I recently posted on the increased importance of activities and on application essays for the class of 2021, and in the two weeks since I wrote that, most of the Ivy League has now formally dropped the test score requirements. Only Harvard and Princeton have not made a formal announcement, and as the quote below shows, they may be moving that way–with Harvard hedging, bet that Princeton will not want to stand alone as the only Ivy holding students responsible for a test they cannot or perhaps should not, for health reasons,* be taking this year. Here’s the live quote:
“As of Friday afternoon, [June 12] Harvard and Princeton universities were the lone Ivy holdouts. But even Harvard appeared to be inching toward flexibility. “If students are prevented from taking tests in any form due to COVID-19, we will still review their applications as we have in the past in other exceptional circumstances,” Harvard said in a statement. Stanford University’s dean of admission and financial aid, Richard Shaw, said his school’s approach will be similar to Harvard’s.”
Optional Testing Raises the Bar on Essays and Activities
Please see my earlier post on how this reduction in testing information will boost the importance of your activities. Just as much, this will boost the importance of your essays. Essays in part shape the presentation of your activities, but your essays also offer a look that is wider than what college activities or data can offer–you show your passions and motivations as well as your accomplishments in essays.
And with the only data being GPA for most of the Ivies this year, your written material and activities have become the only way to separate yourself from the crowd.
This is a huge change, one that is hard to overstate, in a game of margins. Faced with identical GPA’s, transcripts and range of classes that are relatively interchangeable, and a slate of winning essays, marginal differences in test scores do make a difference. Or did make a difference.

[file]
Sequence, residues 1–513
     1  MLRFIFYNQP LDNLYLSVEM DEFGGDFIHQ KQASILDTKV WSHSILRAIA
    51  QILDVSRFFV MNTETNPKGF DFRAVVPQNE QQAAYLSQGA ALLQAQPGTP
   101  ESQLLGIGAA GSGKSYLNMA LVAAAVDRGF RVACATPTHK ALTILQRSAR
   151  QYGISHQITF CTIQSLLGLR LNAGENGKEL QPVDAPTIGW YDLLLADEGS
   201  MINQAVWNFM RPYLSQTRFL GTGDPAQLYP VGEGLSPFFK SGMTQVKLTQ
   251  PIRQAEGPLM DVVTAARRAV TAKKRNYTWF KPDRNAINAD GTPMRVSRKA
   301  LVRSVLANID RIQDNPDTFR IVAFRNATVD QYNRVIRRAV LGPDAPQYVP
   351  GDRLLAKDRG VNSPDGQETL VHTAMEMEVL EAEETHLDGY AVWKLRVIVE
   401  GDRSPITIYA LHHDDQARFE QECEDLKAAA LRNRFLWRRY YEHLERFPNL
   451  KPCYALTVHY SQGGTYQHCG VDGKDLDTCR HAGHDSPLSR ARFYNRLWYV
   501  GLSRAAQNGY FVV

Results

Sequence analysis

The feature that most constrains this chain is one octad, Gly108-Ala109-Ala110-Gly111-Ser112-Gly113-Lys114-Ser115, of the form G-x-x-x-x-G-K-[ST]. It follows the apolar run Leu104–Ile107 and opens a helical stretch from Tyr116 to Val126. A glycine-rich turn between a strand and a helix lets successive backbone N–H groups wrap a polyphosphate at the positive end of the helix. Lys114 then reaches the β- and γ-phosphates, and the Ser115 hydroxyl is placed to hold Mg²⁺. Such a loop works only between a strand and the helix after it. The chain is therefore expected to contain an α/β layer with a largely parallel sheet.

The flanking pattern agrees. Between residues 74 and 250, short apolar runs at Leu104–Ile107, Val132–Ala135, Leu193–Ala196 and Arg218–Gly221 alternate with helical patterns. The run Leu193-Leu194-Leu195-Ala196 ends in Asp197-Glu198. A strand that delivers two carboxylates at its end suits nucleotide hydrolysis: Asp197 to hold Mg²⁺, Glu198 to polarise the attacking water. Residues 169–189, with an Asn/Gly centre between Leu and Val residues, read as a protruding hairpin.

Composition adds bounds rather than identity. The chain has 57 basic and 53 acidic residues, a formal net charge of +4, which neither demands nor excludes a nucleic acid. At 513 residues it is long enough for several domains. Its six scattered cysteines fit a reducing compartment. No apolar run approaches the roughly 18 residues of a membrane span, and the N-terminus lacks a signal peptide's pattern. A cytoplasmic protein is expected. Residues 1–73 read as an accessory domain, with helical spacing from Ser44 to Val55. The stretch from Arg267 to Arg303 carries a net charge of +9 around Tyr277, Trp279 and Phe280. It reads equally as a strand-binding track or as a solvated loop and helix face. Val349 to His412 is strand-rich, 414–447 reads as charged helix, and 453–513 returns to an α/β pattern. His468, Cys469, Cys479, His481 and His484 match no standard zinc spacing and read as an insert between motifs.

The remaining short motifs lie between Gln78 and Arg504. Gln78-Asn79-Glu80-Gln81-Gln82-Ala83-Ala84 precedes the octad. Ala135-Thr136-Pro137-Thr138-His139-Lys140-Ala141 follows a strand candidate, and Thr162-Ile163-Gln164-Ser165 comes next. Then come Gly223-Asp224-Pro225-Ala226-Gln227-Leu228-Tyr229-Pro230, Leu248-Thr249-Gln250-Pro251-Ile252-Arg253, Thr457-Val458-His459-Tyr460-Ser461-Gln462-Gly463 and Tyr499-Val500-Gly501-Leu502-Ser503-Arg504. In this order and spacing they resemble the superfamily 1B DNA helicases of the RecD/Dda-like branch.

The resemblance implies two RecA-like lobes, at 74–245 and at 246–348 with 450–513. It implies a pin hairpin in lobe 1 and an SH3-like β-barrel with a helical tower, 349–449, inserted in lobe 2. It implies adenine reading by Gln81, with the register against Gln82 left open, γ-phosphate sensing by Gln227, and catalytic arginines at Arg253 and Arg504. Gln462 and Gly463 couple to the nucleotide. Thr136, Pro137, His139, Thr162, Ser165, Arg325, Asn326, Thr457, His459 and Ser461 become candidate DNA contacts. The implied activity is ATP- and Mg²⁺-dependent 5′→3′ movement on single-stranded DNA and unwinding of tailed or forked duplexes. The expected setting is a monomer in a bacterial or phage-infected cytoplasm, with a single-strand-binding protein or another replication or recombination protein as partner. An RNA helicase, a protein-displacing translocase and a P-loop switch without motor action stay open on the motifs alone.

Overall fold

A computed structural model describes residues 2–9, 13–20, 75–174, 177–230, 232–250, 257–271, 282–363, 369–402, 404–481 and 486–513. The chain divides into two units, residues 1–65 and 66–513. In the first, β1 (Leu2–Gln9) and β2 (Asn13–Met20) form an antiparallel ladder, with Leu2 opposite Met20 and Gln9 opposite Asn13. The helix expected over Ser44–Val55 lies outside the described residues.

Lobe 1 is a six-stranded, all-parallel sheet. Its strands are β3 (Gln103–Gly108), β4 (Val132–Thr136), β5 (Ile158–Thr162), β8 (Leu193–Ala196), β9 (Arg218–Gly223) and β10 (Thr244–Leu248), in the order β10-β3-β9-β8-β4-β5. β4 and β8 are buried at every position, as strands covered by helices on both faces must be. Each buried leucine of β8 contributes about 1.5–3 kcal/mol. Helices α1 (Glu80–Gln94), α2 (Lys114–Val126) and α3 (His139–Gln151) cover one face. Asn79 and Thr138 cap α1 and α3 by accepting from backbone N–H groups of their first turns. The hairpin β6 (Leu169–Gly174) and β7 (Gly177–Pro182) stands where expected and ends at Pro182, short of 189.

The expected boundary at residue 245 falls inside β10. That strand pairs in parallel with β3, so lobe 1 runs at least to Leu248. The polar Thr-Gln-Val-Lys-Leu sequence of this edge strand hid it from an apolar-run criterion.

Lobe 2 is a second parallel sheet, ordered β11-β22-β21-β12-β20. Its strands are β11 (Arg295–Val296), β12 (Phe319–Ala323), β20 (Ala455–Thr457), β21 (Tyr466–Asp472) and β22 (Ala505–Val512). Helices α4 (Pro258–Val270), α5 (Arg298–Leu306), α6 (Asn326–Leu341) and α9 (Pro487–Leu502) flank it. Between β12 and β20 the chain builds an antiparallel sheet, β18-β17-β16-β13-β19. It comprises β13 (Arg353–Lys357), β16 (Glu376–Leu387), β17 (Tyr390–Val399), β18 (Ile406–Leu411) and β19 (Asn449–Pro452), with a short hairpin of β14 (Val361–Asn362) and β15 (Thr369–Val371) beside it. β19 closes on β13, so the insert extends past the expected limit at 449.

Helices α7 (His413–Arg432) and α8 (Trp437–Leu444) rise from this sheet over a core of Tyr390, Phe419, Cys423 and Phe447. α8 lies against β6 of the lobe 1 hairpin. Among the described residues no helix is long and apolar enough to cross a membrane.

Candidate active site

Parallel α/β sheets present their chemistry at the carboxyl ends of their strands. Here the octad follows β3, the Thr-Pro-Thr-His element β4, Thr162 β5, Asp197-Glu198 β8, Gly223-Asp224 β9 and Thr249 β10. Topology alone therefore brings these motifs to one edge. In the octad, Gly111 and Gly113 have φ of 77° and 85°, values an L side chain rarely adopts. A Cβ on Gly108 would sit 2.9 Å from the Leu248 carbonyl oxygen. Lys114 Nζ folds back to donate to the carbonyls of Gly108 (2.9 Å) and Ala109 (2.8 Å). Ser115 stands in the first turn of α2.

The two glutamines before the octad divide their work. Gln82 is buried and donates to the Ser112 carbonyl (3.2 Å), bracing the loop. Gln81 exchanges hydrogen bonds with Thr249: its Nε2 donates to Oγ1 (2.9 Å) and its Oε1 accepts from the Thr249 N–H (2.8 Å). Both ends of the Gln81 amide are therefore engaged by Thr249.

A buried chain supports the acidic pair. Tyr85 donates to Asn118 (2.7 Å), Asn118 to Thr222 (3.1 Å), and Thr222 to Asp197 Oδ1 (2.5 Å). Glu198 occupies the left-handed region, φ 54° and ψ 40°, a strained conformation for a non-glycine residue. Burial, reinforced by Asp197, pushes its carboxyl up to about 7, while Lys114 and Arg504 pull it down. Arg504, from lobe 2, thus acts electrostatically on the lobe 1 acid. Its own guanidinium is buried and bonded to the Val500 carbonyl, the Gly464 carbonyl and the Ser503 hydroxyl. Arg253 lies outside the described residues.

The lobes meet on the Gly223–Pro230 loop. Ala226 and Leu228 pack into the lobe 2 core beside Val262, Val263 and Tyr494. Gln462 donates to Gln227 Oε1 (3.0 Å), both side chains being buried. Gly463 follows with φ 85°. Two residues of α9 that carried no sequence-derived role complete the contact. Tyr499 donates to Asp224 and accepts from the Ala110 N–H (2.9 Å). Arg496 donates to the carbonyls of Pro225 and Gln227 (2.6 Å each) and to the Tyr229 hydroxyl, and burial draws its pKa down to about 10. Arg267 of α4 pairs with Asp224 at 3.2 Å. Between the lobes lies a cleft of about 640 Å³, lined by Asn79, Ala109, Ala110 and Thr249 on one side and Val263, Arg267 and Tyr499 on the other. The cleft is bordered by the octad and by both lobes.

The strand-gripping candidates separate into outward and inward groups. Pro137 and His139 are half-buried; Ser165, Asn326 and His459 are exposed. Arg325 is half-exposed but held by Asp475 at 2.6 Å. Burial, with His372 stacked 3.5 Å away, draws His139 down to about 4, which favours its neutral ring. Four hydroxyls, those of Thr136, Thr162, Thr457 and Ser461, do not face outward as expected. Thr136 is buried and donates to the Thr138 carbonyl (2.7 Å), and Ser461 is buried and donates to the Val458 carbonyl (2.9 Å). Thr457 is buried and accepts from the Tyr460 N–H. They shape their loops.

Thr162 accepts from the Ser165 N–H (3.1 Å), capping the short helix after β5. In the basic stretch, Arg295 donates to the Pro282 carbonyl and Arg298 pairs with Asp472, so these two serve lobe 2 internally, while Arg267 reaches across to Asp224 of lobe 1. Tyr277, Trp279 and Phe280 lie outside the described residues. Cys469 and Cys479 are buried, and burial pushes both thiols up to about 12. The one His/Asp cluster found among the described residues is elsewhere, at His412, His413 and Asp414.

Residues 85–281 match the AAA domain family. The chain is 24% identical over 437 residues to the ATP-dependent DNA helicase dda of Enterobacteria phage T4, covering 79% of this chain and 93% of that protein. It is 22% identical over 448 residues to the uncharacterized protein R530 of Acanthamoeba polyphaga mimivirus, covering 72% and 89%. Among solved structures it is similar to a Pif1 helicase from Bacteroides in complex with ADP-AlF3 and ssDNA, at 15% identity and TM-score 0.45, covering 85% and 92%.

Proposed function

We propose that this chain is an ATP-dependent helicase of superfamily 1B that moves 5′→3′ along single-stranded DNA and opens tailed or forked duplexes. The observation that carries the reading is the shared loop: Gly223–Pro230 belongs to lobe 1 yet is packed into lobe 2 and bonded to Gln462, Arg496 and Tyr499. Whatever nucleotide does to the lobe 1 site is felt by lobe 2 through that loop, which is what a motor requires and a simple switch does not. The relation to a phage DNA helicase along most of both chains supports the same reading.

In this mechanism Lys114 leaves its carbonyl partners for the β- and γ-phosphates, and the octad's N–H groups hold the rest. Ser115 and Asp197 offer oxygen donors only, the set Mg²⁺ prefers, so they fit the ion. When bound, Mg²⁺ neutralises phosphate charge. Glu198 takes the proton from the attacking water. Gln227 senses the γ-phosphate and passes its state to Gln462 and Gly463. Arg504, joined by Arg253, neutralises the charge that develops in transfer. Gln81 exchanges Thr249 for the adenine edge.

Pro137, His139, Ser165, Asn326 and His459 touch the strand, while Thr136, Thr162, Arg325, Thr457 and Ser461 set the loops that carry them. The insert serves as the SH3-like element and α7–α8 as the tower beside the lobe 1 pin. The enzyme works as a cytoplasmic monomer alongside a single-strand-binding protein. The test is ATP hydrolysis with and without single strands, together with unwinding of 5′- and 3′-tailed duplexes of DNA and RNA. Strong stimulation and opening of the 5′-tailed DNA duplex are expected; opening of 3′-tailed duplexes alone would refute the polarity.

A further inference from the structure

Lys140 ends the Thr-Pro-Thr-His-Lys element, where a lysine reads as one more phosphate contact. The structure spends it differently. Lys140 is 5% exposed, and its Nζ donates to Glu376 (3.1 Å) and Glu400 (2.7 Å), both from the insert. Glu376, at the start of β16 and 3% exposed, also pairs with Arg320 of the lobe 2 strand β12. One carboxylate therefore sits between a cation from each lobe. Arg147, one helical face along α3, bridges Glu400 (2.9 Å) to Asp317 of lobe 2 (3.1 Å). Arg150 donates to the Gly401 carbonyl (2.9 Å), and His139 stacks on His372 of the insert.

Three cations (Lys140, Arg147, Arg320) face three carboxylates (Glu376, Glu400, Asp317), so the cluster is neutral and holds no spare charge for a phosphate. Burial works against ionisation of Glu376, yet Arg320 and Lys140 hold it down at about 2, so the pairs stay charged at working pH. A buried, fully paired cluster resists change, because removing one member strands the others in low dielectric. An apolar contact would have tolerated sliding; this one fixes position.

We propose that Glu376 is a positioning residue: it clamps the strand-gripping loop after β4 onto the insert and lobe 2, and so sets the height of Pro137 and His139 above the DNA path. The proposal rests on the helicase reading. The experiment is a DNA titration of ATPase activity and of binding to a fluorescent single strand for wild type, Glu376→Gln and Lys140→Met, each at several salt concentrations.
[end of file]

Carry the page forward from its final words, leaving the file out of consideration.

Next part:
Now you need to focus even more on developing those supposedly “softer” measurements for you holistic application evaluations. You also need to ramp up ideas for summer activities now, to replace anything you might have dropped, or that may have been canceled, due to COVID. In a post earlier this summer, I offered some suggestions for community service-based activities that you could get off the ground literally in a couple of days, so please see my recent discussion on getting activities going–boosting your activities and essays for 2020-2021.
Launch a New Activity Now and Review Existing Essay Prompts
No need to panic–just start doing some constructive work, that helps others, and think about how you could write about your activities. Possibly this feels a bit phony or hypocritical to you–but is this not the point of your education both now and in college? To learn, then to apply your new skills to solve problems, helping others and the world around you? If you go out and start a new activity that helps others, you are showing what kind of person you would be in a campus community–which is a fundemental part of a holistic evaluation of a college application. This is really an exercise in “real life” flexibility, innovation and leadership. Have at it.
Also take a look at my recent posts on the major essay prompts that are up–
Starting Common Application Essays in 2020-2021
Starting your Texas application essays in 2020-2021 (and doubling up main essays to save time and work).
I will be posting on other major essay prompts as they continue to roll out between now and August. Come back soon.
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I still have some space available for new essay development and editing clients this summer. Contact me to get started.